The train metaphor is pretty perfect actually. Take into consideration the tune "Fingers and Tongues" from their latest effort called Mountain Meadow.

This song gives you exactly what you need to feel like you're going somewhere - even when you're sat going nowhere. It almost feels like boarding a train headed for where the sun sets, just off the face of the Earth. You can feel the engine power up and gain speed as it passes the city limits. You can feel the promise. I know they say Johnny Cash played like a steam locomotive, but this is 2009 and we've got the prairies to cross.

There's a strong sense of importance too. One that keeps the coal in the engine. It's like a long-haul rush to drive off a cliff in order to make some great and unforgettable statement. And as the train comes up out of the final valley and heads the flat-lands opening up the throttle for the real commitment, singer Mark Sasso belts it out like a woeful but empowered raving lunatic. Just the kind of guy I want at the helm of my run-away train.

Even the end of the song, with its chunky stammering summation, has me imagining the cars of the train buckling over the edge and crashing off the cliff face in destructively triumphant stutters.

No song has done that to me before.

Wednesday, 25 February 2009

Chapter 1: Self-Titled

I would start this whole thing off with "The other day I..." but it wouldn't be anywhere near accurate, and precision is something I'm very serious about. Instead, I'll officially start my blog with the following:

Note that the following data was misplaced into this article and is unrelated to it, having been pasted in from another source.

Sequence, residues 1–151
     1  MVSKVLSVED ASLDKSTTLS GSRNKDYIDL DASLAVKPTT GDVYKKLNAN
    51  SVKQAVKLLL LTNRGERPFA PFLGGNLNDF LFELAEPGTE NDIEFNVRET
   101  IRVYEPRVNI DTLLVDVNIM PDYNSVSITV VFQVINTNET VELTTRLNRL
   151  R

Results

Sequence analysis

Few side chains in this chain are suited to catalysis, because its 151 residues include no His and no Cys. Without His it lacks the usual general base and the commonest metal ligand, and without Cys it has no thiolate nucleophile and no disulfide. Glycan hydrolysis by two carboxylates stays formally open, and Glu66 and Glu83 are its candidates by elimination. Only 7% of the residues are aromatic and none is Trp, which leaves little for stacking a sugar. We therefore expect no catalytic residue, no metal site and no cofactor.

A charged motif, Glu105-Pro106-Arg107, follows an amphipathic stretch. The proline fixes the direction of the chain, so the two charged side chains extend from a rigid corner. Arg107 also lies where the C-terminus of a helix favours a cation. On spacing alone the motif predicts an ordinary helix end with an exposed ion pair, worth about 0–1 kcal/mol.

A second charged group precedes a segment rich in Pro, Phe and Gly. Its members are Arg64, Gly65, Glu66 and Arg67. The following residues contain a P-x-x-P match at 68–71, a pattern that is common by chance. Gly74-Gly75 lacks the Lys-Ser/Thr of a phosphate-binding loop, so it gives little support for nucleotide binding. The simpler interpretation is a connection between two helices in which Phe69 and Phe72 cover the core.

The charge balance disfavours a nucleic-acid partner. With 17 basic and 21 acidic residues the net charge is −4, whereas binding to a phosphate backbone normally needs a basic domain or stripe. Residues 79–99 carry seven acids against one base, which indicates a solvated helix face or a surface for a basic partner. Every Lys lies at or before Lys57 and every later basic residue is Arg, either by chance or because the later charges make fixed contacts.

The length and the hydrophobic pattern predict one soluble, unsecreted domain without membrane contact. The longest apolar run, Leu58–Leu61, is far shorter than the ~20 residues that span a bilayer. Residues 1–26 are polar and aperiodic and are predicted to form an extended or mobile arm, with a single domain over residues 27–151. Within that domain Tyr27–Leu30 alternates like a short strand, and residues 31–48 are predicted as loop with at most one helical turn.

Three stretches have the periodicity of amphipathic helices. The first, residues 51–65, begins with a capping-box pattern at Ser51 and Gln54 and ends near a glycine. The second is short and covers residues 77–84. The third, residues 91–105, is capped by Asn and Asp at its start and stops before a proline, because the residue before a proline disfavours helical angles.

Almost every time I leave my house, I walk. There are a handful of things I always keep in the pockets of my jeans. My phone is one of those things. I would estimate that roughly 85 percent of the times that I am walking the sidewalks of this giant city, the following phenomenon strikes with maximum confusion following in its wake:

Powering along, weaving in and out of the pedestrian traffic as if running a gnarly set of moguls, all the while building up a perilously high body temperature that will ensure a just-showered look as soon as I enter a building, I am most often completely oblivious to just about everything around me. That's the way I like it while walking the neighbourhoods I most often traverse in this city.

Wait! Something invades my banal glaze! Suddenly a vibration emanates from my left pocket. 'Tis some caller,' I mutter, 'buzzing at my pocket's core - Only this and nothing more.' I slow my upsettingly stormy gait in order to feed my hand to my pocket - something like forcing a triangle into a circle (no I don't wear girls jeans). Once inside, the activity turns to more of a dangle as I fish for my phone. I grasp it and obstetrically bare it to the bright gray of London. I feel it shudder.

But what's this? No caller, no text...not even a low battery! Sonofabitch! I've been Ghost Buzzed!

It must be some blend of psychotic power walk, construction activity, passing vehicles and the jarring pavement tactics of charity workers with terrifying and fake pot-of-coffee sized smiles. Either that, or it's a supernatural event unknowable to modern science and sadly commonplace to this young gentleman - Just a confusing though unremarkable mark on the timeline of his day.